Mrs. Bard
Mrs. Harriet Bard was the first professionally trained librarian of Morrisson-Reeves, and she expanded the collection to include musical recordings and microfilm.  She instituted numerous programs designed to distribute books to people outside the actual library.  Early in her tenure, she personally took books to the Smith-Esteb Tuberculosis Hospital, and later programs provided books to home-bound patrons and Wayne County Jail inmates.  She established branch libraries in the local Boysí Club and in the Townsend Center, and began bookmobile service to local parks, playgrounds, retirement homes and rural towns.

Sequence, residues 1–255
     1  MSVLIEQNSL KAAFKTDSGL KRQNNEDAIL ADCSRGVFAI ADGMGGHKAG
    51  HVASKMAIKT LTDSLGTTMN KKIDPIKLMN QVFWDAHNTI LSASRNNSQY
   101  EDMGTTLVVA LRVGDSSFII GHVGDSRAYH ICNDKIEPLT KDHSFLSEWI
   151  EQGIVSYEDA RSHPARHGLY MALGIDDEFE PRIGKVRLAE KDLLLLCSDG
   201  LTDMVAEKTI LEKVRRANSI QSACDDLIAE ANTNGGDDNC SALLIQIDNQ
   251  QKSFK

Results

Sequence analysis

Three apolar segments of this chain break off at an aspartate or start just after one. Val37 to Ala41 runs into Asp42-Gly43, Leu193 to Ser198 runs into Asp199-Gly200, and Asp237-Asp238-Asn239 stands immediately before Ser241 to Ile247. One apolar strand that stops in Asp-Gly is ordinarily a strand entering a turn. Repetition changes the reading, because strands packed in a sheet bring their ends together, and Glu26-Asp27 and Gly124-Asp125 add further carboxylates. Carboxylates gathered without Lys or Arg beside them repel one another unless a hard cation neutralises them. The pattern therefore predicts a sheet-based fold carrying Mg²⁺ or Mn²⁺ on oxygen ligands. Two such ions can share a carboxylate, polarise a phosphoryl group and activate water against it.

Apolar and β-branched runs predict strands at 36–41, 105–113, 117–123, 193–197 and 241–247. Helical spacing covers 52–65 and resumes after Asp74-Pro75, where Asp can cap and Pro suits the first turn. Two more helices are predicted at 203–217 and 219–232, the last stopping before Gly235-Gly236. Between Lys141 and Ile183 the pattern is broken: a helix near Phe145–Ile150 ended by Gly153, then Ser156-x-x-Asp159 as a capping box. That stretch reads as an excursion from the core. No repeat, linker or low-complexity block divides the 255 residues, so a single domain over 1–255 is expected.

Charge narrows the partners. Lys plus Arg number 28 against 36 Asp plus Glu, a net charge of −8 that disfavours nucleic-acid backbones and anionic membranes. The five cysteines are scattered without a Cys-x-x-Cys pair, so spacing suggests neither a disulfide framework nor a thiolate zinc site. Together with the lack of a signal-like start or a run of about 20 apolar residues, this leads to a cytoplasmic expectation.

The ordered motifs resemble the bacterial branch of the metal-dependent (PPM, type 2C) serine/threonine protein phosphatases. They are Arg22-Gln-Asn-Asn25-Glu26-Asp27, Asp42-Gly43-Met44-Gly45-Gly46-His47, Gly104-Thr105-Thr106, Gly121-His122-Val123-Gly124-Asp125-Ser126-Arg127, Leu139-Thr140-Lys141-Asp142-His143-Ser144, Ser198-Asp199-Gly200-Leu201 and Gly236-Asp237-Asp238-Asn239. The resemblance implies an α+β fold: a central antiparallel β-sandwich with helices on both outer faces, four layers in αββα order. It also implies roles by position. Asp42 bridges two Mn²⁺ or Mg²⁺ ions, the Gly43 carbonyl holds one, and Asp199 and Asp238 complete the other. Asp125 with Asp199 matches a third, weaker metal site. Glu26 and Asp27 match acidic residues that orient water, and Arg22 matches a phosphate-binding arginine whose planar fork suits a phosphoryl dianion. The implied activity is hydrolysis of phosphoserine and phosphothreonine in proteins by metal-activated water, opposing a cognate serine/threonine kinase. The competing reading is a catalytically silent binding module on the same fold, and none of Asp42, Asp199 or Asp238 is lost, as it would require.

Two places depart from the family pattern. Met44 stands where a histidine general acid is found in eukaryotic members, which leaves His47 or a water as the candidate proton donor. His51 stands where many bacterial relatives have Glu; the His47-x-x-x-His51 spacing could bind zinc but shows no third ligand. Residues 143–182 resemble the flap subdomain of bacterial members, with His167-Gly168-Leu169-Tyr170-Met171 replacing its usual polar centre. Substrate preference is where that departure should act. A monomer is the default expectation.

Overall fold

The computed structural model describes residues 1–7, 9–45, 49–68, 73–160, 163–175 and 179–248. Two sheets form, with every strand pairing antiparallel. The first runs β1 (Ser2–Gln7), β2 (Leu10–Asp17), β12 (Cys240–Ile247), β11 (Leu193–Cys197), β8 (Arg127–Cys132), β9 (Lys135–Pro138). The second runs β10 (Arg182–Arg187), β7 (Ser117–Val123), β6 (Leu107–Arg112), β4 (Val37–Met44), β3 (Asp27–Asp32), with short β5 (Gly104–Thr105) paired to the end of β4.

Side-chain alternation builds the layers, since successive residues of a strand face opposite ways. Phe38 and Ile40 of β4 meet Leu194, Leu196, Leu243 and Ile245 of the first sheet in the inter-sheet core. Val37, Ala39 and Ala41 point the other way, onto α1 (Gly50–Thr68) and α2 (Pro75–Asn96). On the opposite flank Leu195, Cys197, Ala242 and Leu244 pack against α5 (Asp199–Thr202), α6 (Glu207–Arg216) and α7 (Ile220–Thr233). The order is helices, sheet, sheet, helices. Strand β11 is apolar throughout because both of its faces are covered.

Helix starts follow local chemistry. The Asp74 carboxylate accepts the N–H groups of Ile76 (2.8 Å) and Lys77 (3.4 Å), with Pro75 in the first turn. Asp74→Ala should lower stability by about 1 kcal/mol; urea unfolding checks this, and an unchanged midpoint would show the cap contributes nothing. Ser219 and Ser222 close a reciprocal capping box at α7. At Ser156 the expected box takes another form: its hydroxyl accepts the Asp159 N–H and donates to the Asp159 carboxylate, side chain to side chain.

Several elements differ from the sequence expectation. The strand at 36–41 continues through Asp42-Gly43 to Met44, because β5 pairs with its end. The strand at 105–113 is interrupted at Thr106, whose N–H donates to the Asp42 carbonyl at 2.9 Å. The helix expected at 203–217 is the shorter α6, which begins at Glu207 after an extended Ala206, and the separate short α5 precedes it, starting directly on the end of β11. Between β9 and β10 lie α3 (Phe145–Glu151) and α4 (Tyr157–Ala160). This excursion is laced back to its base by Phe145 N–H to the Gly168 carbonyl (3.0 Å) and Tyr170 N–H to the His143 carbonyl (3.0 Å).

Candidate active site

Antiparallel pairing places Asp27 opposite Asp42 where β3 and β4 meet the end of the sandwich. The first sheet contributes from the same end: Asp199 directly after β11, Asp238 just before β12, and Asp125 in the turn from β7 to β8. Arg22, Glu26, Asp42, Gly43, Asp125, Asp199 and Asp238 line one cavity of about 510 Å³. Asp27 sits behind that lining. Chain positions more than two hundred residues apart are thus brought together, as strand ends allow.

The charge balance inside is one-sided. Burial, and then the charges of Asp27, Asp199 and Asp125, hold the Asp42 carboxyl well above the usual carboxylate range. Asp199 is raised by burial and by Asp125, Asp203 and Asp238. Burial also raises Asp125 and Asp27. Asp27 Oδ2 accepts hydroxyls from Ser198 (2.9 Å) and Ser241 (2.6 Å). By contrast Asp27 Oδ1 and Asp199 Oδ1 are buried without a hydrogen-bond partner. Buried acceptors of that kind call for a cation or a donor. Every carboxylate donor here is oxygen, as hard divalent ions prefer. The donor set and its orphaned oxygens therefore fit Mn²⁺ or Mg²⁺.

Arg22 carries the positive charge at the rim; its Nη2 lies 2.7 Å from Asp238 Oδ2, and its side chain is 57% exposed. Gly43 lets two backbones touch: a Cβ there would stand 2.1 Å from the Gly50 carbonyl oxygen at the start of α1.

One of Mrs. Bardís most lasting contributions is the building that currently houses Morrisson-Reeves.  By the late 1960s it became apparent that the much-loved building, built by Mr. Morrisson and renovated by Mrs. Reeves was no longer practical.  Its design was not conducive to modern library practices, and its age made further maintenance costs prohibitive.  Mrs. Bard worked tirelessly with architects to fashion the best possible library configuration, even spending a summer taking classes on library buildings.  The result of her effort is the present building that is modern enough to accommodate all of the changes that have taken place since 1975, and yet retains a feel for the past.  Even though the old building was demolished, many architectural and furnishing pieces were salvaged and incorporated into the new one.  Visitors can still see these items today.